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Interview with General Robert Mood (Transcript)

The Chief of the U.N. Supervision Mission to Syria, Norwegian Major General Robert Mood (2nd R) and his team walk with members of the Free Syrian Army, at the Khalidiya neighborhood during the United Nations observers' visit to Homs, May 3, 2012.
The Chief of the U.N. Supervision Mission to Syria, Norwegian Major General Robert Mood (2nd R) and his team walk with members of the Free Syrian Army, at the Khalidiya neighborhood during the United Nations observers' visit to Homs, May 3, 2012.

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Elizabeth Arrott

The following is a transcript of an interview with the Head of the U.N. Supervision Mission in Syria, Norwegian General Robert Mood, done in Damascus on May 5, 2012 by VOA Middle East Correspondent Elizabeth Arrott.

ELIZABETH ARROTT: U.N. officials have said they've seen signs that there's been a reduction in violence under the plan, but we’re still seeing these amateur videos of really quite horrific attacks. What can you quantify in terms of a reduction in violence since you have been here?

GENERAL ROBERT MOOD:
I arrived six days ago, on Sunday, so the mission has been on the ground for six days.  What is very important to note is that where we go, currently, with 40 unarmed observers, but we are spreading out into different cities - so we are on the ground in Homs, in Hama, in Idlib and Daraa and Rif Damascus - we see that we have a calming effect on the situation, so we have seen in these places a significant reduction in shelling. We have seen a significant reduction in shooting.  We cannot be in all places obviously with that amount of observers, but I can indeed verify that in six days we have seen a calming effect and a reduction in violence where we have people deployed on the ground.

ARROTT:
Specifically, do you see things like the Syrian army not firing unless it is being fired upon.  Have you have seen the withdrawal of tanks, of troops back to their barracks and if so that they've stayed there and it's continued after your team has left.  Is there a way to monitor that?

MOOD: What I can verify in a couple of instances, in several instances that my observers already on the ground have engaged with both elements from the Syrian army and with elements from the opposition and they have taken the advice of the observers to move to a different location because this would be seen as something that would be challenging the agreement and the commitment that has been made by the parties.  So, we are seeing very specific, concrete steps on the ground that the arrival of the observers have an effect and their advice on the ground is being respected.

ARROTT:
And again, how can you ensure that is held after you leave the area?

MOOD: Our challenge indeed that we are currently have 40 observers and we will become 300 observers I hope by the end of the month if not earlier.  We cannot obviously be in every hot spot all the time, and whether you have 300 or several more hundred observers that is going to continue to be the case.  So, what we are working on is a specific plan where you can go back to the specific site where you had an engagement, where you gave an advice and to verify that the advice when it was taken is respected also twelve hours or twenty four hours or two days later.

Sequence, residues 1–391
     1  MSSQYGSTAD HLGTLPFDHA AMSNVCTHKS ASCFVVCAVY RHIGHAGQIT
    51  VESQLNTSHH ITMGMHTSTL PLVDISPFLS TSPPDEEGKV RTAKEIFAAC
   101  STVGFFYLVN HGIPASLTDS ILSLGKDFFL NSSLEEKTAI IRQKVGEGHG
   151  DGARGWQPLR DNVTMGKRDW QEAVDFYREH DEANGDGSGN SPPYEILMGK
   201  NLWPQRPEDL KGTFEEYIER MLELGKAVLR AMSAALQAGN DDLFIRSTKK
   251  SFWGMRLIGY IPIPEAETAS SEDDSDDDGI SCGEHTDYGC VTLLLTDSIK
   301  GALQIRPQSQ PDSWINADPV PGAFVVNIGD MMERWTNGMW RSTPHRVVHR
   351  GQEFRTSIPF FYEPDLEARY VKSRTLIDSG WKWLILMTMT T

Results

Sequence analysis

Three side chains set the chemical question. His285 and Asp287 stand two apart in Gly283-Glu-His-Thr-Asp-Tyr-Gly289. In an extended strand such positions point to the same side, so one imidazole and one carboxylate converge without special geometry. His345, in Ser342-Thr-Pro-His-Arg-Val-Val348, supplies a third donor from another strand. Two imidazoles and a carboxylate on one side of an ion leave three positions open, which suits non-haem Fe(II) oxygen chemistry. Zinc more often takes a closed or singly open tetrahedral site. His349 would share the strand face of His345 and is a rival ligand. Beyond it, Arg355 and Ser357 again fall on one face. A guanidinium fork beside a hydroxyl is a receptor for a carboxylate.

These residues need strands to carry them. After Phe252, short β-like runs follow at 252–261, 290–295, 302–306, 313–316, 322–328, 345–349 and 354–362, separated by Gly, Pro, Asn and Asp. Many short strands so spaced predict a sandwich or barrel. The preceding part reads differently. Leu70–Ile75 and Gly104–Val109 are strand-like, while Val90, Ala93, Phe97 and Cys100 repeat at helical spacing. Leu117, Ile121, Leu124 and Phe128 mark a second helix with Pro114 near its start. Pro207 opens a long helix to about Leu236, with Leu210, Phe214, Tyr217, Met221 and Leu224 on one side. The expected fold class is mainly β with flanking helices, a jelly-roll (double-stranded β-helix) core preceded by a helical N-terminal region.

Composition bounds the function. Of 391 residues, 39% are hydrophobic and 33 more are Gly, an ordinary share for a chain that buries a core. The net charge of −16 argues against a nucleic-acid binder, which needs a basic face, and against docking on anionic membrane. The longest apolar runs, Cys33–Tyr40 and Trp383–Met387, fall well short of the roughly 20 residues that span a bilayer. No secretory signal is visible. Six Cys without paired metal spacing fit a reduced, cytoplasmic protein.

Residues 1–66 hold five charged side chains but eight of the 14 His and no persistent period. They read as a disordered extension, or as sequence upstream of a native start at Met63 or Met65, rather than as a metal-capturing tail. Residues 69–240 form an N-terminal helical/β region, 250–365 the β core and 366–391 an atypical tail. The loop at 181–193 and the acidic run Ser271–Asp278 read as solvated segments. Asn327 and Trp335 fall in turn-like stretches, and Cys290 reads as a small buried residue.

ARROTT:
The point of the mission is to get to a point where it's calm enough that serious political talks can take place, presumably that would be Mr. Anan’s call when that is being reached, but from a military stand point, what are you looking for?


MOOD: We are specifically looking, in UNSMIS (UN Supervision Mission in Syria), at the violence, at the cessation of violence, at the calming effect and of course we are combining that with the talks we have with all parties, with leaders from many factions.  I have myself left what we could name government controlled areas and had engagement locally, on the ground, with the opposition, with the armed opposition and received commitments from them. 

And a common message, a very strong common message from the government and from the opposition is that they would like to see Kofi Annan succeed with his Six Point Plan.  I get the sense that there is a willingness.  We should not overestimate it.  It is too early to judge how big this opportunity is.  But I get a sense that all the players are eager to see this move forward on the basis of political solutions because they see that the alternative - more violence, more kids being killed, more trouble for families in these hot spots - is a very bad alternative.

ARROTT: So you're hearing from the Free Syrian Army people here that they want to abide by the plan, but we're also hearing from the opposition, especially outside, that they want to have the military wing of the opposition armed.

MOOD: There is an element of fragmentation in all this that obviously is a challenge. But what I can tell you from my engagement is that whomever I meet, they tell me that they want to move on the basis of Kofi Annan's Six Point Plan, and that includes the Free Syrian Army locally, and that includes Local Coordination Committees.

I am fully aware that there are others with different agenda, that have other ideas, but I have yet to see a credible alternative to Kofi Annan's Six Point Plan. So one way to put it is that it's for now the only game in town. That means everyone involved, whether we are talking about the observers on the ground, whether we are talking about Kofi Annan, whether we are talking about the Syrian government, the opposition, everyone, they need to work together and to try, each of them, to widen these opportunities and then we have a choice. We can move in a direction of a political solution, slowly, step by step.  Not in six days, not in twelve days, but step by step in a direction where we will have the political dimension being dominating instead of the violence being dominating.

ARROTT: There seems to be an additional wild card thrown into this: the emergence of some jihadist groups like Jabhat al Nusra.  How serious do you think the threat is that they could scuttle the plan by making it impossible for the Syrian government to stand down?